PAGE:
BY KATHY BEVAN
Somewhat like the great Phoenix of legend, Re/Max Real Estate Centre in south Edmonton is rising from the ashes of a disastrous office fire, and looking forward to getting its 42 Realtors back home soon.
The Re/Max office was completely destroyed by fire earlier this year, along with all the businesses inhabiting a small strip mall. The fire, which may have been deliberately set, broke out at one end of the mall and moved through the roof space too quickly for firefighters to contain. Broker/owner Gary Krutzfeldt and partner Caren Mitchell could only stand by and watch in the wee hours of the morning, as flames roared through the building, leaving only a gutted frame.
“We pretty well lost everything. Three or four Realtors, along with our administrator, were able to retrieve some files a couple of days later, but everything else was gone, including most of the personal possessions people had at the office,” says Krutzfeldt. “We did, however, have backup tapes of some of our records and accounting files, which were stored off‑site. But most of our Realtors, other than our home office people, kept their files at the office and didn’t have backup information.”
An insurance policy covered office equipment, including the computers that melted from the fire’s heat. Not covered, however, were a half dozen computers owned by Realtors, which had been left at their desks.
The first few days after the fire, Re/Max Real Estate Centre’s Realtors camped out at Caren Mitchell’s home. Then a good neighbour stepped in and offered some nearby office space.
“The Riverbend Athletic Club allowed us to use their large meeting room for 10 days, complete with phones and computers, until we could get set up in another real estate office, and then wouldn’t let us pay them for the time we were there,” says Krutzfeldt. “They were just so generous in their support in a very difficult time.”
The ruins of the old office have been torn down to make way for a new strip mall, which should be ready for tenants, including the real estate office, by Christmas.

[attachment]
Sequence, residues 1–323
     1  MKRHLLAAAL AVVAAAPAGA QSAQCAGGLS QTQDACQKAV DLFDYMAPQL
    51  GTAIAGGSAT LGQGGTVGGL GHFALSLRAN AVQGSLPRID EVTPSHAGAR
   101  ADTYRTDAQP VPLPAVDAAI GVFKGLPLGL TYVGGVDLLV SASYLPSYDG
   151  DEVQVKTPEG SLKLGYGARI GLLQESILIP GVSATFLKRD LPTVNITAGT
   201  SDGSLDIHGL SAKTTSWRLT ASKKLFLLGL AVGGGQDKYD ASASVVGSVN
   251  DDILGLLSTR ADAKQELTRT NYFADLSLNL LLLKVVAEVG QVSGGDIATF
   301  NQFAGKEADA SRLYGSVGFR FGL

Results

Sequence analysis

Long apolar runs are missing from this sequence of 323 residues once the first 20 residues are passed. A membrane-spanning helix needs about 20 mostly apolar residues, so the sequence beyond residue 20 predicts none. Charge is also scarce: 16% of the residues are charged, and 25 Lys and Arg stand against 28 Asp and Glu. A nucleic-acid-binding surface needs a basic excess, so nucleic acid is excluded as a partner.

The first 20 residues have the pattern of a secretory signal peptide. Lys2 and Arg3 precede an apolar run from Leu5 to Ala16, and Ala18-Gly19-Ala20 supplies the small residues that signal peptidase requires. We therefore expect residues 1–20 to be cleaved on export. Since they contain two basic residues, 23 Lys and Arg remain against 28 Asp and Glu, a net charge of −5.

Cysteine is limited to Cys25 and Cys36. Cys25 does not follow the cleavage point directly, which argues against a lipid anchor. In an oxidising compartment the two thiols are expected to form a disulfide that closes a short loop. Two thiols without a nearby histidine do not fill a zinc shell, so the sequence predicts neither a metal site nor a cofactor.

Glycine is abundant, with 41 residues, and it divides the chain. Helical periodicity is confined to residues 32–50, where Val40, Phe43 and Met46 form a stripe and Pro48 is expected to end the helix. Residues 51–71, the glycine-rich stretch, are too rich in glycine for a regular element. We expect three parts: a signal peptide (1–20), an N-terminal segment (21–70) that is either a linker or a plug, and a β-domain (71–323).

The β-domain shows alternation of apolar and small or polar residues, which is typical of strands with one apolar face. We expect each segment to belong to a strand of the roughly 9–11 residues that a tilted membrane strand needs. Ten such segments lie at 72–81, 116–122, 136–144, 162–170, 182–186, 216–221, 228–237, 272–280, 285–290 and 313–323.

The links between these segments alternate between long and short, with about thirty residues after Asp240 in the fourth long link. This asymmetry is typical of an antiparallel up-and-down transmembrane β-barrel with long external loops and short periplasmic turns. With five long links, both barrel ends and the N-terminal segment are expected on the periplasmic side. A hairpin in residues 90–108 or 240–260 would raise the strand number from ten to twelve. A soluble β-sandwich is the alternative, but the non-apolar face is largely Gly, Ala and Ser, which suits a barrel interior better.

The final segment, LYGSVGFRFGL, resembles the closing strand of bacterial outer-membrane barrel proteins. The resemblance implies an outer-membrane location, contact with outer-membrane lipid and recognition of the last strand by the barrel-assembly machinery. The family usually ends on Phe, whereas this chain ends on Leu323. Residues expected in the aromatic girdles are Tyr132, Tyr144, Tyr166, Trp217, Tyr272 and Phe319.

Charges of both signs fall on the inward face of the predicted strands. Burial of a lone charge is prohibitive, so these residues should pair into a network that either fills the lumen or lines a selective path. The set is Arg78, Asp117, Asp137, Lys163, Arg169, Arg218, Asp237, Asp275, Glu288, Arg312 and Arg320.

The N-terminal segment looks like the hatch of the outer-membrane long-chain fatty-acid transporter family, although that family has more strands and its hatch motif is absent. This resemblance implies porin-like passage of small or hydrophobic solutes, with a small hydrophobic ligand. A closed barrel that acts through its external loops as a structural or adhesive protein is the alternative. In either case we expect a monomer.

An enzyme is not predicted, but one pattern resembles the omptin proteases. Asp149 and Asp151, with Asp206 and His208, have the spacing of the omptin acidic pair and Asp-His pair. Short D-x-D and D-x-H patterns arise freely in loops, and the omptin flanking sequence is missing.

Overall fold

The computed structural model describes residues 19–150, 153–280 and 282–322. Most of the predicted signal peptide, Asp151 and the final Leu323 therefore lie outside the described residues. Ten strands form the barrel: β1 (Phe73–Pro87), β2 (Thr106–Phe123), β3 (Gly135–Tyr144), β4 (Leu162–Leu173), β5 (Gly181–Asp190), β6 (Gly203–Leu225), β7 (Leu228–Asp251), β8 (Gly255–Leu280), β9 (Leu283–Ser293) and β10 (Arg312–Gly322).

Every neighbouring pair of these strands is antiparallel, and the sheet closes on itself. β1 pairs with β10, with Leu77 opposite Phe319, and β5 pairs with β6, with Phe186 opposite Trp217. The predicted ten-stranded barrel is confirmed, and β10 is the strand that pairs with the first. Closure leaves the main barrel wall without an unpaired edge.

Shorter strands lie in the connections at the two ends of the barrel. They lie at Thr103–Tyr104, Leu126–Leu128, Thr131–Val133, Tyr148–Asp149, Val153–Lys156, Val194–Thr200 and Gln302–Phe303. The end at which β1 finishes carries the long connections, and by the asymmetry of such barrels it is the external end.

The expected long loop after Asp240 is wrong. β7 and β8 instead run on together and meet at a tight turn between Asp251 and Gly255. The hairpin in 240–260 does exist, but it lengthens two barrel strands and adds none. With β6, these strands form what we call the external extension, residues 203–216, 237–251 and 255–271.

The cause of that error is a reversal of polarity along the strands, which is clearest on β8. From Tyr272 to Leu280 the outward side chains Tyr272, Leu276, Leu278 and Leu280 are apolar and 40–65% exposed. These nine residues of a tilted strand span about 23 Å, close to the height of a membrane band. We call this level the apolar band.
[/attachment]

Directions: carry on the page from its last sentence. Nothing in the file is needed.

Re‑establishing an office for everyone to work out of has been difficult; re‑creating referral networks for many of the Realtors may be impossible.
Office staff worked overtime with co‑operating brokers to recreate files of past and ongoing deals involving other offices. On double‑enders, they contacted the homeowners and buyers involved to recreate the necessary documentation. However, years of priceless client referral files are gone forever.
“We have a couple of Realtors who have been in the business for 25 years — that’s a lot of contact names that have disappeared,” says Krutzfeldt, who opened the Re/Max Real Estate Centre office as manager in 1989.
On lessons learned after this office disaster, Krutzfeldt has some advice for other brokers and Realtors: “Most of us don’t pay enough attention to the contents we are insuring, or do a full inventory, because we think that at worst, we’ll only need a portion of that coverage at any one time. You never dream your entire office will burn down.”
He says: “My biggest lesson from all of this: when insuring your business, you have to plan for total destruction. Review your insurance policy at least every two years to make certain it has replacement coverage that is realistic. Keep backup files of everything important off‑site. And buy some fireproof filing cabinets for your paper files.”